nnorwitz at gmail.com
Mon Nov 7 21:49:21 CET 2005
We've been having some issues and discussions at work about cross
compiling. There are various people that have tried (are) cross
compiling python. Right now the support kinda sucks due to a couple
First, distutils is required to build all the modules. This means
that python must be built twice. Once for the target machine and once
for the host machine. The host machine is really not desired since
it's only purpose is to run distutils. I don't know the history of
why distutils is used. I haven't had much of an issue with it since
I've never needed to cross compile. What are the issues with not
requiring python to be built on the host machine (ie, not using
Second, in configure we try to run little programs (AC_TRY_RUN) to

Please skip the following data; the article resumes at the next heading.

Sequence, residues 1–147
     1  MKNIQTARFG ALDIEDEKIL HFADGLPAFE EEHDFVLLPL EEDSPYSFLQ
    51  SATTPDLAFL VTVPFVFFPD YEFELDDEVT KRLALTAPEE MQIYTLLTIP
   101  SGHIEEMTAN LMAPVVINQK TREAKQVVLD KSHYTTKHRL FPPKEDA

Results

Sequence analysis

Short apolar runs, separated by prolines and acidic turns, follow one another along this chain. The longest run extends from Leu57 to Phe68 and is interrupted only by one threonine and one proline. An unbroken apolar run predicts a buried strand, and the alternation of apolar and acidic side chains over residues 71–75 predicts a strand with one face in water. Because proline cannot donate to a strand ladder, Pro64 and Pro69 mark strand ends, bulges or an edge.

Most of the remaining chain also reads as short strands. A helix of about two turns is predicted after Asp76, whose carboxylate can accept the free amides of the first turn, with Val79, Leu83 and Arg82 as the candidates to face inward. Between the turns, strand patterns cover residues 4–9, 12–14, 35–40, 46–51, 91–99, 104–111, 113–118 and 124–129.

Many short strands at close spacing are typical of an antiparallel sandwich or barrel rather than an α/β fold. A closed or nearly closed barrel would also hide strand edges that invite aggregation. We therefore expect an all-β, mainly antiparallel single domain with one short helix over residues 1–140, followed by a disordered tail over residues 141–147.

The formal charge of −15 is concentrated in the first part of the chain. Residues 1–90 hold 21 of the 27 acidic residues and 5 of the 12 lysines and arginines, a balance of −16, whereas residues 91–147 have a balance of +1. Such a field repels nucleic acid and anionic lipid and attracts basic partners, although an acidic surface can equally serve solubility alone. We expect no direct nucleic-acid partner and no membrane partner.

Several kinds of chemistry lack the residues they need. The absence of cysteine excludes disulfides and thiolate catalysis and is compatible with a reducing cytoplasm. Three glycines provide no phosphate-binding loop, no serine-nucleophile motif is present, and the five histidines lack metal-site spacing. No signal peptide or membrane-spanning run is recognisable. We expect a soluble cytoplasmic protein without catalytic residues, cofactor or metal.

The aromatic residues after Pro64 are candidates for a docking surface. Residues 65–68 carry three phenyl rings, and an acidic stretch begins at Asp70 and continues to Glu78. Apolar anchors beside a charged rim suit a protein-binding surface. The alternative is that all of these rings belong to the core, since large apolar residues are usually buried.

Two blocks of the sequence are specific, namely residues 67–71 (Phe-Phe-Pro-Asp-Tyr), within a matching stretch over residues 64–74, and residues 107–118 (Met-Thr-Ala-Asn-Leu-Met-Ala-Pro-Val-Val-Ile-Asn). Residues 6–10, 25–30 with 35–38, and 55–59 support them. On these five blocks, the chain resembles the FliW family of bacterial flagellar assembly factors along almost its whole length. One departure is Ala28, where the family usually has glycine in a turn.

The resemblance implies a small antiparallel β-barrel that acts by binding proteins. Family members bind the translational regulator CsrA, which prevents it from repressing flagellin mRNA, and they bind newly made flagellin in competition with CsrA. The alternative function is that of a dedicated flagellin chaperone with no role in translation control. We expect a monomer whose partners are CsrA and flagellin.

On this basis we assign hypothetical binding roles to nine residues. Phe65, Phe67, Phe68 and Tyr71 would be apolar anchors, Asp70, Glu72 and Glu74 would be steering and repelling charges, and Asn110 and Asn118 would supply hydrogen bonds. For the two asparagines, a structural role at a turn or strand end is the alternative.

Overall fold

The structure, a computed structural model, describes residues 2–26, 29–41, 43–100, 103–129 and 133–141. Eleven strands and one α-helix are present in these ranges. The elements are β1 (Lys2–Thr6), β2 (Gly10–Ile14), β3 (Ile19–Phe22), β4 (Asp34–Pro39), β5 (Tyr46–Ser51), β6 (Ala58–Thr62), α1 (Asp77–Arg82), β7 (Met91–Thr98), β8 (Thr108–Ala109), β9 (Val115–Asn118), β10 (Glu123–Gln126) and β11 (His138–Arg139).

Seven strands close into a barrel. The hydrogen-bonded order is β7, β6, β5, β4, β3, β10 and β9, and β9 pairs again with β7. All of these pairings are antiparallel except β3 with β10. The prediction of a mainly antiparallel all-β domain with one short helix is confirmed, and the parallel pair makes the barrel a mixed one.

determine what to set. I don't know of any good alternative but to
force those to be defined manually for cross-compiled environments.
Any suggestions here? I'm thinking we can skip the the AC_TRY_RUNs
if host != target and we pickup the answers to those from a user
I'm *not* suggesting that normal builds see any change in behaviour.
Nothing will change for most developers. ie, ./configure ; make ;
./python will continue to work the same. I only want to make it
possible to cross compile python by building it only on the target
PS. I would be interested to hear from others who are doing cross
compiling and know more about it than me.
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